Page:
Yes, this was also my intuition. So, the limitations are even more serious! –  Razvan Sep 22 '12 at 23:11
    
I agree to the edit too. I have another constructor which takes 2 E variables as parameters , but the framework wants a no-arg constructor –  Razvan Sep 22 '12 at 23:13
    
The framework would be supposed to call init and it will certainly not do it. –  Razvan Sep 22 '12 at 23:16
1  
@Razvan, if you can't split initialization into two steps, can you try creating subclasses with zero-arg ctors which initialize their superclass by passing ctor arguments? class StringPair extends Pair<String> { StringPair() { super(String.class); } } and similarly class IntegerPair extends Pair<Integer> { IntegerPair() { super(Integer.class); } }. –  Mike Samuel Sep 22 '12 at 23:19
1  
@Razvan, if generics let you collect all the common parameter-type-invariant behavior in the base class, leaving only initialization to type-specific subclasses, then I think you gain something by having that generic base class. –  Mike Samuel Sep 22 '12 at 23:49

You cannot instantiate a generic type - What will happen if for example the generic type is SomeAbstractClass? What will be instantiated? (this is not the reason, it is just intuition)

However, you can use java reflection API to instantiate the object - but you will need the specific class object for it.

A more elegant alternative is using the abstract factory design pattern, and pass a factory object to your pair, and use it to construct the needed object.


Code sample:

public class Pair<S> {
    public final S var1; 
    public final S var2;
    public Pair(Factory<S> builder) {
        var1 = builder.build();
        var2 = builder.build();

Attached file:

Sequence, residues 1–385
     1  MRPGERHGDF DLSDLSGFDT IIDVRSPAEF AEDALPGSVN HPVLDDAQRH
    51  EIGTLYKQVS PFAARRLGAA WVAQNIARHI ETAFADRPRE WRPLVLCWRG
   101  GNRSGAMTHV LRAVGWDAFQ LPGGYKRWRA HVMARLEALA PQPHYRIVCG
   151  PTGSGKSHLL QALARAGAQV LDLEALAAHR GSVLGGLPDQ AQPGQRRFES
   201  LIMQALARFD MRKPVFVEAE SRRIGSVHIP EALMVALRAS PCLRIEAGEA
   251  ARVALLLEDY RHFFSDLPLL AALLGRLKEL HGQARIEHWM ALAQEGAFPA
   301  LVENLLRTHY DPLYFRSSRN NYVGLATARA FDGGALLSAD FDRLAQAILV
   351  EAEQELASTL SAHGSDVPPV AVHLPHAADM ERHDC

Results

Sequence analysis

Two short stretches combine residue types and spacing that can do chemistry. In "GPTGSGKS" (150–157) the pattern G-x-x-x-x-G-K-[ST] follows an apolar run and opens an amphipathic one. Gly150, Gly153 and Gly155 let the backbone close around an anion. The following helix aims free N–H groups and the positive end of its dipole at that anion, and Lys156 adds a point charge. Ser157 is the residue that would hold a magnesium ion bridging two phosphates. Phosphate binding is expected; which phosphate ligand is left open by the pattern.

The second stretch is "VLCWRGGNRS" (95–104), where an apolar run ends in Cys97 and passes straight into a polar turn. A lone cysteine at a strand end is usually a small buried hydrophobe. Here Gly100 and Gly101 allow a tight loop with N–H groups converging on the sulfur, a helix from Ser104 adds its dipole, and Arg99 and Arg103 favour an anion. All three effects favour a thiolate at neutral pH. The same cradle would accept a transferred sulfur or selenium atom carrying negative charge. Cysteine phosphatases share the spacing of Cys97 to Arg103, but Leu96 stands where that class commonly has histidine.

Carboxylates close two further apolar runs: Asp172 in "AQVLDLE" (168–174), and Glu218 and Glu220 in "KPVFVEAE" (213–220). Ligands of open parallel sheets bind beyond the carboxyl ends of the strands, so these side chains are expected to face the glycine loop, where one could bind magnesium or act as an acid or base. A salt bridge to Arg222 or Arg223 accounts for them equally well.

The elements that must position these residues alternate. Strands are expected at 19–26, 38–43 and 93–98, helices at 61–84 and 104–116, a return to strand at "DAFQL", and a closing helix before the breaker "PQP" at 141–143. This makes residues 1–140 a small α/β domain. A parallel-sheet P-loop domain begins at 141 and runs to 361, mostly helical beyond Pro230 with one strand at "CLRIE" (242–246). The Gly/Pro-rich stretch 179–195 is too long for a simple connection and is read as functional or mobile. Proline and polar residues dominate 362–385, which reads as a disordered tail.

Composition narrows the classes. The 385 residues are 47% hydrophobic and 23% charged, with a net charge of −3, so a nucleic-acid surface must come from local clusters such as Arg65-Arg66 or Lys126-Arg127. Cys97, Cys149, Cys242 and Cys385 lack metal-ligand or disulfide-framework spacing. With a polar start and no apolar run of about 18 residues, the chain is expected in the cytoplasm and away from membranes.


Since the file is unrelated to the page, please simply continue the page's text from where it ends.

}
}

public interface Factory<S> { 
    public S build();
}

public class IntegerBuilder implements Factory<Integer> {
    private int element = 5;
    public Integer build() {
        return new Integer(element++);
    }
}
share|improve this answer
    
Some sample code is always welcome. –  OldCurmudgeon Sep 22 '12 at 23:42
    
@OldCurmudgeon: Just did, is it understandable? –  amit Sep 23 '12 at 6:27
    
Excellent. And now for the Class method, just for completeness. –  OldCurmudgeon Sep 23 '12 at 16:33
    
@OldCurmudgeon: I added it as an option - but I strongly advise against it - thus I prefer to leave the factory design pattern code alone - much safer and more efficient. –  amit Sep 23 '12 at 17:02

If a framework were to instantiate it, it would do it as a raw type, something equivalent to new Pair() with no type parameters.

I guess you have to create simple one-liner classes like:

class SpecificType1Pair extends Pair<SpecificType1> {}

and pass them to the framework instead. You can get the actual type parameter as getClass().getGenericSuperclass()).getActualTypeArguments()[0]. You class pair would look like this:

public abstract class Pair<E extends AClass> {
    private E var1;
    private E var2;

    public Pair() {
        ParameterizedType superclass = (ParameterizedType) getClass().getGenericSuperclass();
        @SuppressWarnings("unchecked")
        Class<E> clazz = (Class<E>) superclass.getActualTypeArguments()[0];
        try {
            var1 = clazz.newInstance();
            var2 = clazz.newInstance();
        } catch (InstantiationException e) {
            handle(e);
        } catch (IllegalAccessException e) {
            handle(e);
        }
    }
}
share|improve this answer
1  
An @SuppressWarnings("unchecked") might be in order on the Class<E> clazz = (Class<E>) ...; line. –  Mike Samuel Sep 23 '12 at 1:18